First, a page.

What is also disclosed is a method of operating a wireless local area network (WLAN) access point. The method includes providing the WLAN for a user device to access a packet network, where the user device receives requested content transferred over the packet network through the WLAN access point. The method also includes processing device status of the WLAN access point to determine a message for delivery to the user device, and in response to determining the message for delivery to the user device, inhibiting transfer of the requested content received over the packet network to the user device. The method also includes transferring the message to the user device using addressing information associated with the requested content, and in response to receiving a confirmation of the message from the user device, resuming transfer of the requested content to the user device.

BRIEF DESCRIPTION OF THE DRAWINGS

Many aspects of the disclosure can be better understood with reference to the following drawings. The components in the drawings are not necessarily to scale, emphasis instead being placed upon clearly illustrating the principles of the present disclosure. Moreover, in the drawings, like reference numerals designate corresponding parts throughout the several views. While several embodiments are described in connection with these drawings, the disclosure is not limited to the embodiments disclosed herein. On the contrary, the intent is to cover all alternatives, modifications, and equivalents.

FIG. 1 is a system diagram illustrating a communication system.

FIG. 2 is a flow diagram illustrating a method of operation of a wireless local-area network access point.

FIG. 3 is a system diagram illustrating a communication system.

FIG. 4 is a sequence diagram illustrating a method of operation of a wireless hotspot device.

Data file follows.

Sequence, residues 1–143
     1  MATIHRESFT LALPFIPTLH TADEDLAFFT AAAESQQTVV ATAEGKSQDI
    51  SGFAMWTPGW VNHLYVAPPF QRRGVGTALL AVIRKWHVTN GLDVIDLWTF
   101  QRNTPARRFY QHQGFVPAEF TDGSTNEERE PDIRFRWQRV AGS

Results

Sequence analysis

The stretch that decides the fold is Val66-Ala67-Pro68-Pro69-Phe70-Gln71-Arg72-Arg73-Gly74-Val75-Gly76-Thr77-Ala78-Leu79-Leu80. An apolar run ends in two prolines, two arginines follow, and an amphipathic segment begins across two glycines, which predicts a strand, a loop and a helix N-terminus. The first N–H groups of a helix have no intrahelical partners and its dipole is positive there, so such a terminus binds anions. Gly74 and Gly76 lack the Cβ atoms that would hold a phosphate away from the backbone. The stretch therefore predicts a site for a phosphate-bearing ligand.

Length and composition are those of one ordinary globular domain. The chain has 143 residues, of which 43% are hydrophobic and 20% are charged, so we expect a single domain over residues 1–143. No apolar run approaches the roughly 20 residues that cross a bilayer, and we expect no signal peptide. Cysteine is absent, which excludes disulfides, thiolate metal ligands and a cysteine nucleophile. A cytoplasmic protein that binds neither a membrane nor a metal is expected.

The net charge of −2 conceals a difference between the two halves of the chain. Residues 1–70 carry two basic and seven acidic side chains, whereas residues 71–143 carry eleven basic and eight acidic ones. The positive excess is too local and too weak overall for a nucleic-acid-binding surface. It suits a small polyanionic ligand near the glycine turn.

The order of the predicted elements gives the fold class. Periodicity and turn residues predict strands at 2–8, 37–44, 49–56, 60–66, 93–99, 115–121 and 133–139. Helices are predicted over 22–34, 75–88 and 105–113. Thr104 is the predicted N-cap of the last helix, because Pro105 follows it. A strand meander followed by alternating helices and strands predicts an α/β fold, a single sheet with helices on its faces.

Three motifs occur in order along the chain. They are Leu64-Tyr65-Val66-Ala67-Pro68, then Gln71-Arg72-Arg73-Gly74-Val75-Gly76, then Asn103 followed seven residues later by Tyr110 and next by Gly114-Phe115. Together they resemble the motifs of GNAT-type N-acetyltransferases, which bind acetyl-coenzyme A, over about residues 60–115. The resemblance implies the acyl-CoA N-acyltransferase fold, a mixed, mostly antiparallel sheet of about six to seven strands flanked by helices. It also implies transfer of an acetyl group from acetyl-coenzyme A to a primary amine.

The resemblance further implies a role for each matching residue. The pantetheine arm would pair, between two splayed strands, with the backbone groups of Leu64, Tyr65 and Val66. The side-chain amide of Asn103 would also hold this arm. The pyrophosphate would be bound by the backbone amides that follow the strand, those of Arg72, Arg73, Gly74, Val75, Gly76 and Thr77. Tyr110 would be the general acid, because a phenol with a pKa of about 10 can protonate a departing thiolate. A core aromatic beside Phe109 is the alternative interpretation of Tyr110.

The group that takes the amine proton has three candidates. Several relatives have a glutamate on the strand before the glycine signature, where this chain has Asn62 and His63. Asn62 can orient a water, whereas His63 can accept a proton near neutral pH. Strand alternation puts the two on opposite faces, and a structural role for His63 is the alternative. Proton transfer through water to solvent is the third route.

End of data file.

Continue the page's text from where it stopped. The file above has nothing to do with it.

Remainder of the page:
FIG. 5 is a sequence diagram illustrating a method of operation of a wireless hotspot device.

FIG. 6 is a block diagram illustrating a wireless local-area network access device.

DETAILED DESCRIPTION

FIG. 1 is a system diagram illustrating communication system 100. Communication system 100 includes wireless local area network access point 110 (hereinafter WLAN access point 110), user device 120, and packet network 130. User device 120 and WLAN access point 110 communicate over wireless link 140. Packet network 130 and WLAN access point 110 communicate over link 141. In the example shown in FIG. 1, WLAN access point 110 can provide a wireless local area network for user devices, such as user device 120. Through WLAN access point 110, user device 120 can access communication services of packet network 130, or communicate over packet network 130. Although one user device is shown in FIG. 1, it should be understood that a different number of user devices could be included.

FIG. 2 is a flow diagram illustrating a method of operation of wireless local-area network access point 110. The operations in FIG. 2 are referenced herein parenthetically. In FIG. 2, WLAN access point 110 provides (201) a wireless local area network for user device 120 to access packet network 130, where user device 120 receives requested content transferred over packet network 130 through WLAN access point 110. The wireless local area network provided over wireless link 140 could comprise an IEEE 802.11 wireless local area network, although other wireless local area networks could be employed. User device 120 requests content over wireless link 140 through WLAN access point 110. The requested content could be for communication services over packet network 130, such as web applications, web pages, data transfer, voice over packet calls, video, or audio, among other user communications. Packet network 130 or systems communicating over packet network 130 transfer the requested content for delivery to user device 120. The requested content is received over link 141 from packet network 130 by WLAN access point 110 for delivery to user device 120, and link 141 could include further systems, equipment, or links.